Why is it that when your friends, family, and significant other tell you, "You need to stop working so much!"—you hesitate? On the one hand, you know they have a point. It's unsustainable to pull 12-to-14-hour days on a consistent basis, and you feel burnt-out and cranky. But when it comes to actually setting boundaries, you stall and tell yourself and others, "It's just a busy time. It will get better soon..."
But, it doesn't. And you find yourself wedged between the fact that you can't seem to get everything done and the feeling that maybe the problem isn't the situation—it's you. You feel guilty that everyone else seems to complete everything, but you can't. You worry that if you ask for help or say, "No," to anything that everyone will discover you're an imposter who doesn't add enough value.
Although those fears are understandable, they aren't necessary valid. As a time coach, I've found that one of the biggest keys to achieving balance is to start objectively evaluating the fact-based aspects of your schedule, rather than letting a vague sense of fear drive your decisions. No matter how valuable a team member you may be, no one can fit 100 hours of work into 40 hours a week, or even 60 hours. You can start to make changes once you have confidence that the expectations of yourself and others really are unreasonable and that you can set boundaries in a respectful, constructive manner.
Here are five steps to gain that confidence, which you can apply on an individual level or a group level if you have responsibility for managing the expectations of your team:
Step 1: Develop a Time Budget
People who manage their finances well follow a few consistent principles. For one, they spend only what they have, so they avoid unnecessary debt and the corresponding stress and cost. They also make sure that they allocate their money correctly, so that they have sufficient funds for everything they need to buy. Finally, they cut costs where they can, without a significant negative impact, and make sure to put money into investments where they have a good probability of a return. The same principles apply with effective time investment. To have a clear sense of what you can reasonably handle, you should start out by calculating how many hours you have to "spend" each week. If you tend toward over-allocating time toward work, you can do the calculations in reverse. For example:
Hours/Day to Work = 24 - (Number of Hours of Sleep) - (Commute) - (Personal Commitments) - (Exercise) - (Self Care)
By "personal commitments," I'm referring to items in your schedule that are an essential part of you feeling fulfilled. These vary from person to person but could include family time, volunteer responsibilities, social activities, or personal passions like playing the piano. Also, eating, showering, and getting ready fall under "self care." Once you have a sense of your daily time budget, you can calculate your weekly time budget by adding up the totals for each day. For some people, each day will look similar. For others, their personal commitments create large variations in their day-to-day time budget.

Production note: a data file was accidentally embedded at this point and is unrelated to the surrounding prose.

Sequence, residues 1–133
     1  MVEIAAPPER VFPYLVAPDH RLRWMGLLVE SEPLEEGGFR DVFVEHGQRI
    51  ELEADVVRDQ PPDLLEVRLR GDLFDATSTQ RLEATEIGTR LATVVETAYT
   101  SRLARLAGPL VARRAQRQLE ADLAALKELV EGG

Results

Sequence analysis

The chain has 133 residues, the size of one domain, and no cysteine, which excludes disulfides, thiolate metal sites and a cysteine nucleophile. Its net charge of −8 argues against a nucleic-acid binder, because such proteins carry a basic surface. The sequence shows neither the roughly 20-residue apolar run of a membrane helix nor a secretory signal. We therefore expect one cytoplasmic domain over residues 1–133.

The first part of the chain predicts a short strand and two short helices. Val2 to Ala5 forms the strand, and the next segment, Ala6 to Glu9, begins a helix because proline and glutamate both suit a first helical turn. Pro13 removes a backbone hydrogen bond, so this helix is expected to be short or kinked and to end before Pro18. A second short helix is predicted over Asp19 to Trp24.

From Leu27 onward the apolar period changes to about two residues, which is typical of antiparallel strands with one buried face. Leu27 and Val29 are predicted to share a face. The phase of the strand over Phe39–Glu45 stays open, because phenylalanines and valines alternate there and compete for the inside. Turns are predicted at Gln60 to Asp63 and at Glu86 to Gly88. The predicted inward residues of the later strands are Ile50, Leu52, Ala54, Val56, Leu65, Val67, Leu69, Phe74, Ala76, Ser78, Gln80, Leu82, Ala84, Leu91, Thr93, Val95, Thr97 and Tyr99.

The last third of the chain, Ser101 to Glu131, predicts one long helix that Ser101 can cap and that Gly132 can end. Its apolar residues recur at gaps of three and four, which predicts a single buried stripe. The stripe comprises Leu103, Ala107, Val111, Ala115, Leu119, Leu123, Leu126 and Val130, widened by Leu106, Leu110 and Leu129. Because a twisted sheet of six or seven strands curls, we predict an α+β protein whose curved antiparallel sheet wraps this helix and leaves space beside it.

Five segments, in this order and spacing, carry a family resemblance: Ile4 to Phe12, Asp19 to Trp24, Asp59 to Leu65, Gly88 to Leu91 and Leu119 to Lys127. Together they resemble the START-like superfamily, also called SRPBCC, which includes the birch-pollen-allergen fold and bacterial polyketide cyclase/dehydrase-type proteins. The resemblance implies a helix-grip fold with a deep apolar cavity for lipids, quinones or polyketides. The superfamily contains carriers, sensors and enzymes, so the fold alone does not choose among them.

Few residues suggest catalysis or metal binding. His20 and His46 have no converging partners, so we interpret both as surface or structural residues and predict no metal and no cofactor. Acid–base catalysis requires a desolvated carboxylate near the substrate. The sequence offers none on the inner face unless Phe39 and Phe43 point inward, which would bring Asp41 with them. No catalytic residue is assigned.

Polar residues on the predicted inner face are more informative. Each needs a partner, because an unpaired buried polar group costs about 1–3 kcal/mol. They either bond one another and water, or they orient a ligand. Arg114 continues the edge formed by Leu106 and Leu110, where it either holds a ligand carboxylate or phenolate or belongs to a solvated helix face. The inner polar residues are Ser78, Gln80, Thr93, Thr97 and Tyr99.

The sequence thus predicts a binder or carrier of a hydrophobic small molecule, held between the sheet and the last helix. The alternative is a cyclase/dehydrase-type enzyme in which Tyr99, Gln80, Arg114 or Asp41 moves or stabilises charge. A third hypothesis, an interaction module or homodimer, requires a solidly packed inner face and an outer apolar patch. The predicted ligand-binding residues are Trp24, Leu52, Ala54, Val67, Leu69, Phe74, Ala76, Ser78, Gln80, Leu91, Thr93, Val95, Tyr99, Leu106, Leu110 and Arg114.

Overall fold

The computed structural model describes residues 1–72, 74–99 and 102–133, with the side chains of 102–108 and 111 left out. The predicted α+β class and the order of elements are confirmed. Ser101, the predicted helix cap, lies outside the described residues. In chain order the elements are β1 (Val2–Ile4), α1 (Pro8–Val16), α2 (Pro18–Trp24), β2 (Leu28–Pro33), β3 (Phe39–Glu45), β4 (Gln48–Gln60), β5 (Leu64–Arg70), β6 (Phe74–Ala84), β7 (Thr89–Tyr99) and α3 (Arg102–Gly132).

Once you understand the size of your time budget, then you can evaluate the different time costs during your workday. For example, you have "maintenance" activities like answering e-mail or planning, "execution" activities like attending meetings or completing a report, and "development" activities like networking or marketing. I recommend making a list of all the different elements of your workday and then either writing down an initial time estimate or percentage for each one.
For instance, 20% of my workday consists of answering e-mail, 50% of project work, and 30% of development activities. Make sure to not only consider the cost for a particular item but also the associated costs. For instance, a one-hour meeting could come with the related expenses of 15 minutes of travel time each way, 30 minutes of prep, and 15 minutes of follow up. That means that the total expense comes to 2.25 hours. So if you work a 9-hour day and want to spend no more than 50% of your time in meetings, then that limits you to an average of two meetings per day and ten meetings per week.
Step 2: Make Cuts Where You Can
After developing a time budget, you'll typically find that you really did expect more of yourself than you could possibly fit into the hours in a day. But that doesn't mean it's time to go running to your manager yet. Instead, you need to take a very careful look at how you spend your time and cut where you can, first.
One of the readers of my book took this advice to heart when she faced a major time crunch at work. Instead of trying to fight the reality of her time budget, she took this action:
"I was (once again) up against way too many competing projects with the same deadline and then trying to juggle other on-going & long-term projects too, which was causing lots of stress! So, I thought about what was causing the stress and tried to tackle things I had control of without just defaulting to working a lot of overtime. For example, I contacted one of the project managers with the longer-term project to see if it was possible to 'pause' my effort on his project over a two-week period, and he agreed with some negotiations. So that was about 24 hours saved over the two weeks. Then I attacked a few other aspects of the problem by recruiting some more part-time help from another department, adjusting the scope of one project, gaining an extension on another project, etc., etc. Instead of feeling overwhelmed and a victim of the circumstances, I felt SO powerful!"
You may need to take such extreme measures in times of work crisis, or you may take more subtle measures, such as taking yourself out of nonessential meetings, asking your colleagues to review items with you during one-on-one meetings instead of sending you 50 e-mails throughout the week, stepping off of a committee, turning off your e-mail pop-up, or spending less time on items where spending more time to get them perfect doesn't add value. Challenge your assumptions on what you should do and how long you should spend on different activities. If possible, only commit to putting tasks on your weekly to-do list if you have space to fit them into your schedule.